By: T. D. Ponder
E-mail Address: email@example.com
Scary New-Generation Aircraft
In the wake of the recent China Airbus crash there has developed a major, ongoing
argument regarding the relative safety of Airbus vrs. Boeing aircraft. It is
ironic that, facts notwithstanding, the China crash has many "earmarks" of pilot
error, although that is yet to be determined. This argument is a matter of
symptoms only, since the aircraft involved merely represent a small factor in a
larger problem. The debate has quickly turned into an international bickering
contest with accusations flying across the Atlantic Ocean at the speed of
light. It is my opinion that no matter what a pilot's culture (the aircraft should
not care!), when he/she straps into the seat of any airplane, she/he should not
have to worry if he/she is going to fly it or if some competent or otherwise non-
pilot software writer's work is going to jump in from time totime to have the
AIRPLANE make a critical decision.
Are we moving into an era wherein pilots are
going to become only guardians, when occasionally permitted, over computers
otherwise totally flying the aircraft? Are we almost there now? We know the next
set of steps, coming too soon perhaps, will bring pilotless aircraft from gate to
gate. But for now, are pilots to be incapable of having the aircraft "feel"
even when they are pseudo - flying new - generation aircraft? (c.f., the Delta
Airbus "drivers" who sat and chatted while the auto-throttles backed off until
the aircraft surprised them and their passengers with a full - blown stall and
the loss of some 3,000ft. over Florida? Don't bother to yell that this particlar
craft was not a newer, FBW version. The point is the same either way. BTW, Why does Delta
no longer fly the Airbus?)
Somewhere a compromise has to be reached in the new - generation aircraft
whereby a pilot, for now at least, knows he/she will have direct, total and
undisputable control CAPABILITY of the aircraft in all phases of flight. I am
not a Luddite and I am not opposed to progress. Progress, however, must include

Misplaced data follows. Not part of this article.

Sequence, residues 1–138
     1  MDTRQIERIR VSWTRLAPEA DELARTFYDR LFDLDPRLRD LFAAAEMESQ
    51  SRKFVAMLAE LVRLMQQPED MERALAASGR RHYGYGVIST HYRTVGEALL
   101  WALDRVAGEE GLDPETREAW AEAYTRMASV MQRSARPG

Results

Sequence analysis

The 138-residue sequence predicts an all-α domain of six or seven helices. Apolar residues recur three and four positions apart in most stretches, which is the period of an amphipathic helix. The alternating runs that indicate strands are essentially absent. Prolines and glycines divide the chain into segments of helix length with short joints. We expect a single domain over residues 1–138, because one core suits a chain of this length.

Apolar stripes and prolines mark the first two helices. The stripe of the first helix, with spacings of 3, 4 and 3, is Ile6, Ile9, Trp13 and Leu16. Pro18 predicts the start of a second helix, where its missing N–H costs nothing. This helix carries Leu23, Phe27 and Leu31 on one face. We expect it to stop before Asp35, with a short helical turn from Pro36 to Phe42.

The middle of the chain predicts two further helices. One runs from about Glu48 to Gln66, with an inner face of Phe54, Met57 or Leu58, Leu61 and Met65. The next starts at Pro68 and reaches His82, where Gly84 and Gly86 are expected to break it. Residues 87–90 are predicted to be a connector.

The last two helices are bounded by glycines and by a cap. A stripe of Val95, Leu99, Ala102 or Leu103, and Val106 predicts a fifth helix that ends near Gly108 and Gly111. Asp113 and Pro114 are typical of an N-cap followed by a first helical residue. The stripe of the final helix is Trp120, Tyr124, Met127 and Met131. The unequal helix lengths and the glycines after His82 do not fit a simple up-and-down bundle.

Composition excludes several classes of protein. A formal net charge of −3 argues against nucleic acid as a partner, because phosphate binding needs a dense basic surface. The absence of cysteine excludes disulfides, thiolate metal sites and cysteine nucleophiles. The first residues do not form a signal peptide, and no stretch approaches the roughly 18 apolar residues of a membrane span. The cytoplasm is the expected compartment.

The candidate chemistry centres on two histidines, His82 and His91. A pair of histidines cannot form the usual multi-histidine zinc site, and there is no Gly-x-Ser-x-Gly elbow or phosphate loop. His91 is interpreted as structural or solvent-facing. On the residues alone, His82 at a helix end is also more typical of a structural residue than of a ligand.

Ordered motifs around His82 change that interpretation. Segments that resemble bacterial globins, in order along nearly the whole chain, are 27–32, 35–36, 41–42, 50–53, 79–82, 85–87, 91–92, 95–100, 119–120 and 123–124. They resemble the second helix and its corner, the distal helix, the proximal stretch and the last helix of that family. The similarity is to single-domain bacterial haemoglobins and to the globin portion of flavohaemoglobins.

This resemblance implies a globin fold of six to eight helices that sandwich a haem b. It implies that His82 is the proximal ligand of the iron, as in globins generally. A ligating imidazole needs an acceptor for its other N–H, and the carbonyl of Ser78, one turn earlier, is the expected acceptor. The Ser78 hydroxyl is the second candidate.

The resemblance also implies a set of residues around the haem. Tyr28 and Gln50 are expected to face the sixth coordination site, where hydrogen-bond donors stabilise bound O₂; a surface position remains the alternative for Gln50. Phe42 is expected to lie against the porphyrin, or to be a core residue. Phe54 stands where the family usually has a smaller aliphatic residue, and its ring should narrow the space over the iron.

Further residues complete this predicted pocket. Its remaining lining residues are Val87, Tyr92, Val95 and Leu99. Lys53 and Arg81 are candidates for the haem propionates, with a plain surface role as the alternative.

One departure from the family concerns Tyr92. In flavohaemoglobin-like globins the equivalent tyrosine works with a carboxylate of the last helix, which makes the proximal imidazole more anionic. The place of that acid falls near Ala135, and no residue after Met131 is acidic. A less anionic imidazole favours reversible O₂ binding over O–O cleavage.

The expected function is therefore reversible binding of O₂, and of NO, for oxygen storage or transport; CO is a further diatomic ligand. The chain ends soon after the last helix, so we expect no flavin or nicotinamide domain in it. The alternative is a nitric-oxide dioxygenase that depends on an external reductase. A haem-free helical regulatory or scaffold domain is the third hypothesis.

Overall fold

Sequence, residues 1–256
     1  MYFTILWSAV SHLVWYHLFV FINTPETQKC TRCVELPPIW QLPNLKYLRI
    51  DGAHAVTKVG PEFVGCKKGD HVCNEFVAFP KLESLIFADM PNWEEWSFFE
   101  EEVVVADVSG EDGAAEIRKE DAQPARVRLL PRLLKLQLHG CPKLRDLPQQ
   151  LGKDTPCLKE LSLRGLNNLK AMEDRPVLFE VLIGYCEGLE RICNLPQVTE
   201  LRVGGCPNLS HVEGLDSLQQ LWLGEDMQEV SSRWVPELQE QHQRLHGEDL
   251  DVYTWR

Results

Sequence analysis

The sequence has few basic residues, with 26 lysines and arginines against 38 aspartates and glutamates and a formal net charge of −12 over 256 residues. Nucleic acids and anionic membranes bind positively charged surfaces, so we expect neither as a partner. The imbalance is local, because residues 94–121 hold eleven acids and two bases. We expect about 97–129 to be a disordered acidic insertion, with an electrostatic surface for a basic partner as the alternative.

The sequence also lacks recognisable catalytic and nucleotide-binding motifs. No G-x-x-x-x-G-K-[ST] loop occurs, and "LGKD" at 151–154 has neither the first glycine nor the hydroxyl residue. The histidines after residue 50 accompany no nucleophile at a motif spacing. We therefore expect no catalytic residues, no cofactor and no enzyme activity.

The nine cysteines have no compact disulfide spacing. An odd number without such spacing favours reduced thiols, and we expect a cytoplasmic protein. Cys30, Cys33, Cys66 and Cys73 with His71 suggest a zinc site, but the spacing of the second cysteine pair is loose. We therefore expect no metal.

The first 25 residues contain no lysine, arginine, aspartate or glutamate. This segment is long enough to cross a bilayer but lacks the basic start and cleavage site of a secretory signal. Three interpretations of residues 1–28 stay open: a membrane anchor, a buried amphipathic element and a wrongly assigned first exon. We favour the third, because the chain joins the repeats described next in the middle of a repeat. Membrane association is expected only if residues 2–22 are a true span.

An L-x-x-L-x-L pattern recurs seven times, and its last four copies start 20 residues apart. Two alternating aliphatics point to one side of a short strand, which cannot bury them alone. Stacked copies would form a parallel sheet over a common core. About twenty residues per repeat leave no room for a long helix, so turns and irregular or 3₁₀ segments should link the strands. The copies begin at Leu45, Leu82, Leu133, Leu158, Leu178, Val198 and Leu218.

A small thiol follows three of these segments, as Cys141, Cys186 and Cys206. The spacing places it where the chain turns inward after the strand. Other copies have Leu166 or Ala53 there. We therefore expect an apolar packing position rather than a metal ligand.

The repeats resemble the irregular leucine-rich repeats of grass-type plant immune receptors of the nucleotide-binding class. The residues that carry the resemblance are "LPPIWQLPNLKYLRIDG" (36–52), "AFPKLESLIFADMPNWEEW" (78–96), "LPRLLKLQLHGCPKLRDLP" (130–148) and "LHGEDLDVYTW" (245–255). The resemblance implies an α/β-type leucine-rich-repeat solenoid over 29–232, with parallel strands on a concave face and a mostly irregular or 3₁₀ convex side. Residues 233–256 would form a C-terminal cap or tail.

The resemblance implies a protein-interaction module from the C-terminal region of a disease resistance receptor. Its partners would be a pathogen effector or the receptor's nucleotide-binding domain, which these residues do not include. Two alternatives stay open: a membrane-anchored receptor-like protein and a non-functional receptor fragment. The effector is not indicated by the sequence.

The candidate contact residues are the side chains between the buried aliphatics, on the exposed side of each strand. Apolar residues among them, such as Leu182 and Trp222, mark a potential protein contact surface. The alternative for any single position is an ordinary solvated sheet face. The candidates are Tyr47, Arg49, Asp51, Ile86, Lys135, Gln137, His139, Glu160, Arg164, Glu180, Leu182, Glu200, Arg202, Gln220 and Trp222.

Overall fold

SAFETY as a mainstay, and not reduced it to a "necessary and, ergo, acceptable"
human loss level.I am fully aware that many military aircraft have computer
control devices that would otherwise make the aircraft unflyable (i.e., by hand)
under certain mission flight conditions. I am not opposed to that. Nor do I
expect airline pilots to hand - fly their craft at high altitude enroute (while
wearing their caps crooked and sweating), because that is neither feasible nor
desirable. I am not asking for a step backward, just a closer look at current and
future options of a trend already well - established. I am talking about zero
system/autopilot surprises of a lethal nature, and a pilot's having direct
control capability. Aircraft designers, manufacturers and computer programmers
must not be allowed to usurp this capability for now. Otherwise, crew and
passenger deaths will continue to mount as they are doing currently while
aircraft and aircraft system bugs slam aircraft into the ground, without regard
for human life or culture.
As for the Airbus aircraft, it seems that the newer - generation "Baby Buses"
are the ones being flown by video games. They need to find a parking space until
the bugs/systems are corrected! Airlines flying Boeing products also should
consider if they wish to park a particular model based on its "mystery" crash
history. It will not happen, of course. There is no doubt pilots, as we know
them today, will become obsolete in the future. But why should lives be lost in
this transition? Is there no other way available? Should we set a level of human
loss as aircraft systems and designs change? I have great difficulty with this
line of thought --- much less its implementation.
T.D. Ponder ATP BHM 10,000 hrs.+ PIC
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